Most nights I can’t sleep and I start thinking of mundane things that involves going through a list, not unlike the traditional counting sleep method. Guided imagery, or focusing on an image or story to slow down a busy mind, is one of the methods suggested for combating sleeplessness. It’s not just taking a generic screensaver, it’s highly individual and may consist of:
a favorite vacation or calming outdoor spot, a relaxing activity like curling up with a book in your favorite chair, or something repetitive like remembering the steps of an exercise or dance routine. The key is to find something that allows you to focus your attention and let go of other thoughts. Begin to create this scenario in your mind. Visualize all the details of the image or story, as slowly and carefully as you can.
What has worked for me is to imagine I’m on a desert island. There’s a river within walking distance and the camp is by a rock formation that gives a sort of cave to provide shelter. The river runs to the ocean and there’s a small beach. Since I’m not a survival expert, the island isn’t exactly desolate, people used to live there so there are remains of houses but most importantly firestarter, vtools, pots, vegetables and, lately, goats. I would sustain myself via the plentiful coconuts as well as the produce from an abandoned fruit & garden. There’d be fishing gear available, like crab pots that I can use at the rocks that are at one side of the beach. I’ve even watched youtube videos on how to make salt from seawater and ropes from coconut husks.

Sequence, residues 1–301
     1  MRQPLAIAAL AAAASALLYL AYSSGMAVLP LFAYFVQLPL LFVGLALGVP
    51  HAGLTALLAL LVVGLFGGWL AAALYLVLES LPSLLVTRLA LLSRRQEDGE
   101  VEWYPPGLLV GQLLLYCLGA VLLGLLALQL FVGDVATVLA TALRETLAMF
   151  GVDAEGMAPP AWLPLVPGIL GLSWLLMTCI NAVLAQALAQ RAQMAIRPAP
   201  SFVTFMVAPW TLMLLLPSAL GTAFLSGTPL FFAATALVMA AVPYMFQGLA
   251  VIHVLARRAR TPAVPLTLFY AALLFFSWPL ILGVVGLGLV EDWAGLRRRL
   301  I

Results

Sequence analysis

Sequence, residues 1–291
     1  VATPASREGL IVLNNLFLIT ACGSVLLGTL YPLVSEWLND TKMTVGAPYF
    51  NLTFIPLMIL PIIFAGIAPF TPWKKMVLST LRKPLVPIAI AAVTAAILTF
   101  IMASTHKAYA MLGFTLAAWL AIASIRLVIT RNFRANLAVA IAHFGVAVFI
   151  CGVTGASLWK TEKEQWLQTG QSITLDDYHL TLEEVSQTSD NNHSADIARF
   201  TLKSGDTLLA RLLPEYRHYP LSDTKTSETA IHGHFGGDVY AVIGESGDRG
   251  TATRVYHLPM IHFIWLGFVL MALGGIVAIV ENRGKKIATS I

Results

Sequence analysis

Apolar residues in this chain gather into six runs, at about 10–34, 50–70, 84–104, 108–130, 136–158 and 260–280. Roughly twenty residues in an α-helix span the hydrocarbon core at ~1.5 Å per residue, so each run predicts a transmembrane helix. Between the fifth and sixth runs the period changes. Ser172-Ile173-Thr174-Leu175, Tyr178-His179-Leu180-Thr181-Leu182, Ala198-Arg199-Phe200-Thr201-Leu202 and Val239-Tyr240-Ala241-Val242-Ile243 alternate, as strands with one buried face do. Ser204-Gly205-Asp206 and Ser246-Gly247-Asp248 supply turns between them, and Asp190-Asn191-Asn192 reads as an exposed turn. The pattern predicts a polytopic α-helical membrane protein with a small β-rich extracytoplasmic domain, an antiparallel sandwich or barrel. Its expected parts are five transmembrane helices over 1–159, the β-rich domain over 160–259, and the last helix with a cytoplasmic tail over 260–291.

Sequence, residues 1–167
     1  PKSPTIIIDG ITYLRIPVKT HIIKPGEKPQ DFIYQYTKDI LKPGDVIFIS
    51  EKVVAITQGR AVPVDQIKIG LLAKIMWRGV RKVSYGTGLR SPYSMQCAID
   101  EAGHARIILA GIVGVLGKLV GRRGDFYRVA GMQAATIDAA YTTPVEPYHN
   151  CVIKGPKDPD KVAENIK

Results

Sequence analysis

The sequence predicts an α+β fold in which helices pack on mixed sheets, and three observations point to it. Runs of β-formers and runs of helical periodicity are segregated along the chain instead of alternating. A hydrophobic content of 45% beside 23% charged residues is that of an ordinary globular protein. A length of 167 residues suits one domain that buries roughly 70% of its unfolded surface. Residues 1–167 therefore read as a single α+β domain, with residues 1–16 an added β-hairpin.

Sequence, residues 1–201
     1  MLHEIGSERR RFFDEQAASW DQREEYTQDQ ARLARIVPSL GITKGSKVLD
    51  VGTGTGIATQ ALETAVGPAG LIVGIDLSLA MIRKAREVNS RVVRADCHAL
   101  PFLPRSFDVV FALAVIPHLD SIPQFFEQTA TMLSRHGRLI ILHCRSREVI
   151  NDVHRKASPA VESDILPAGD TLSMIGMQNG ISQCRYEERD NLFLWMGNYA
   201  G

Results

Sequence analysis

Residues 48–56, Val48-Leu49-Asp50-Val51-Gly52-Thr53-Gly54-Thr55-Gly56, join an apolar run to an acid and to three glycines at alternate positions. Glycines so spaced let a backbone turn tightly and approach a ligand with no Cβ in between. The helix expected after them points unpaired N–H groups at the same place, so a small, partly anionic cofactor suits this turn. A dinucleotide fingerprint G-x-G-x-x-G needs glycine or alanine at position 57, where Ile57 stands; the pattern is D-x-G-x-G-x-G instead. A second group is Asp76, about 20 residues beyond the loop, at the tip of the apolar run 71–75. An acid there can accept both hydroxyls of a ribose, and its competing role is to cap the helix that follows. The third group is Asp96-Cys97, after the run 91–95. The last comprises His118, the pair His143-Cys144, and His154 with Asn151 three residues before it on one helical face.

Atlas Obscura, as part of islands week, asked readers to draw their fantasy island, and there are lots of fun submissions.
There’s St Bean’s island by Wroe Clark. Everything is idyllic, from the morning beach to the occasional volcano to the hammock to the orchard. And what fantasy island can’t be without a mountain meadow with perhaps a llama:
Ericka Kendall’s island also has lots of features, like a beach with perfect sand that doesn’t get inside your underwear, a lush green forest with no bears or cougars, but best of all, guests who visit the island will have no memory unless the owner wants them to remember:
This one from 11-year old Ben P. has a castle, a skull mountain and a hut for the witch who guards the treasure:
I can’t draw, but I may take a stab at sketching out my fantasy island.